Japan marks somber anniversary of disaster

Keiko Suzuki, 40 prays at the site of her uncle's home on March 11, 2012 in Rikuzentakata, Japan. Her uncle Kazuyoshi Sugawara was killed when his home was swept away by the tsunami last year. Chris McGrath/Getty Images

(CBS/AP) RIKUZENTAKATA, Japan - People across Japan prayed and stood in silence on Sunday to remember the massive earthquake and tsunami that struck the nation one year ago, killing just over 19,000 people and unleashing the world's worst nuclear crisis in a quarter century.

In the devastated northeastern coastal town of Rikuzentakata, a siren sounded at 2:46 p.m. — the exact time the magnitude-9.0 quake struck on March 11, 2011 — and a Buddhist priest in a purple robe rang a huge bell at a damaged temple overlooking a barren area where houses once stood.

At the same time in the seaside town of Onagawa, people facing the sea pressed their hands together in silent prayer.

In Tokyo's National Theatre, Japan's Emperor Akihito and Empress Michiko led a national ceremony of mourning for the nearly 20,000 victims of last year's multiple disasters. CBS News' Lucy Craft reports that 1,200 people in attendance who had lost a loved one in the disaster paused for a moment of silence, at 2:46 p.m.

Prime Minister Yoshihiko Noda pledged maximum efforts to restore the disaster zones. He vowed that Fukushima Prefecture, the radiation-contaminated site of the nuclear accident, would become pristine once again.

Even in Tokyo's busy shopping district of Shibuya, pedestrians briefly stopped and fell silent before carrying on.

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Noda recalled in a speech that the Japanese people have overcome disasters and difficulties many times in the past, and pledged to rebuild the nation and the area around the tsunami-stricken Fukushima nuclear plant so that the country will be "reborn as an even better place."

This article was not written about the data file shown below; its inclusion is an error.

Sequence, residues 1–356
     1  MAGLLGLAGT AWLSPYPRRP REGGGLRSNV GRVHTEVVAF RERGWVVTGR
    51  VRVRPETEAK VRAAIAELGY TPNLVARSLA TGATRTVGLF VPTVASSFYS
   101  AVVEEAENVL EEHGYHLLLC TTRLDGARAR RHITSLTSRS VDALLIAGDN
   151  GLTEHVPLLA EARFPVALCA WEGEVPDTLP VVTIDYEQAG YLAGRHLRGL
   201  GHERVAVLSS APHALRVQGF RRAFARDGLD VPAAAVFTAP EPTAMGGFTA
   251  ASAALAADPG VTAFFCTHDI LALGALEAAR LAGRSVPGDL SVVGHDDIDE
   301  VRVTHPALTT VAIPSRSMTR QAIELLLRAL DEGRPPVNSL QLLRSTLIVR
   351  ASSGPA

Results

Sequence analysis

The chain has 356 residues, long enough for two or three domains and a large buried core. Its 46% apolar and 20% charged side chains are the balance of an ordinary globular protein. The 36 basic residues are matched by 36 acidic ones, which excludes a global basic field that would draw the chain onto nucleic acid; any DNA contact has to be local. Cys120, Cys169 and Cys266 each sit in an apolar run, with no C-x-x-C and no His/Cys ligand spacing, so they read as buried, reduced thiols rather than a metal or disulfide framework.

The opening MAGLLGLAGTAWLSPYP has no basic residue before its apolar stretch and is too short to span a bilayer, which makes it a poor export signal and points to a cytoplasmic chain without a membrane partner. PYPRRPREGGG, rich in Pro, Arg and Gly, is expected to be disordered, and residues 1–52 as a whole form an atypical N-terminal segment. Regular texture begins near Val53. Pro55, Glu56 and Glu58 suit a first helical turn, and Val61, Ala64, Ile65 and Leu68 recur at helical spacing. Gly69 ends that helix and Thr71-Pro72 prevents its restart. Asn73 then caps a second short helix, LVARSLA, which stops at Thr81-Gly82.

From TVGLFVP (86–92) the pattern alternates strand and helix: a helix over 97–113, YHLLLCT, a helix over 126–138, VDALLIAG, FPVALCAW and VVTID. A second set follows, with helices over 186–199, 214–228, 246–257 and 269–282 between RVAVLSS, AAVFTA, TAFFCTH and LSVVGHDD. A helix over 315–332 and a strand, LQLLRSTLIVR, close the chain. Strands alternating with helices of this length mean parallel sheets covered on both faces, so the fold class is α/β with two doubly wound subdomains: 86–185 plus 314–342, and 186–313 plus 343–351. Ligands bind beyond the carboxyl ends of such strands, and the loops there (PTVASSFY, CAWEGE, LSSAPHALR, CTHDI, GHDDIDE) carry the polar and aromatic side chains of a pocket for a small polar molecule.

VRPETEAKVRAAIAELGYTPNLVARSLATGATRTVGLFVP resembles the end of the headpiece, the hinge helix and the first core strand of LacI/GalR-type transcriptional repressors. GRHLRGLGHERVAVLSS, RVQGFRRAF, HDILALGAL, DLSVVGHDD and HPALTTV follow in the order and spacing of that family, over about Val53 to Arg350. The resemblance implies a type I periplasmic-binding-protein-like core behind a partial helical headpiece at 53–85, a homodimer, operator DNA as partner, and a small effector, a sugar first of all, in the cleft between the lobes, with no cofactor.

"Our predecessors who brought prosperity to Japan have repeatedly risen up from crises, every time becoming stronger," Noda said. "We will stand by the people from the disaster-hit areas and join hands to achieve the historic task of rebuilding."

The earthquake was the strongest recorded in Japan's history, and set off a tsunami that swelled to more than 65 feet in some spots along the northeastern coast, destroying tens of thousands of homes and bringing widespread destruction.

The tsunami also knocked out the vital cooling systems at the Fukushima Dai-ichi nuclear power plant, causing meltdowns at three reactors and spewing radiation into the air. Some 100,000 residents who were forced to flee remain in temporary housing or with relatives, and a 12-mile area around the plant is still off limits.

The emperor voiced concern about the difficulties of decontaminating the land around the plant.

"In order to make the area inhabitable again, we face the difficult problem of removing radiation," Akihito said in a brief address. "We shall not let our memory of the disasters fade, pay attention to disaster prevention and continue our effort to make this land an even safer place to live."

Naomi Fujino, a 42-year-old Rikuzentakata resident who lost her father in the tsunami, tearfully recalled last March 11.

With her mother, she escaped to a nearby hill where they watched the enormous wave wash away their home. They waited all night, but her father never came as he had promised. Two months later, his body was found.

"I wanted to save people, but I couldn't. I couldn't even help my father. I cannot keep crying," Fujino said. "What can I do but keep on going?"

All told, some 325,000 people rendered homeless or evacuated are still in temporary housing. While much of the debris along the tsunami-ravaged coast has been gathered into massive piles, very little rebuilding has begun.

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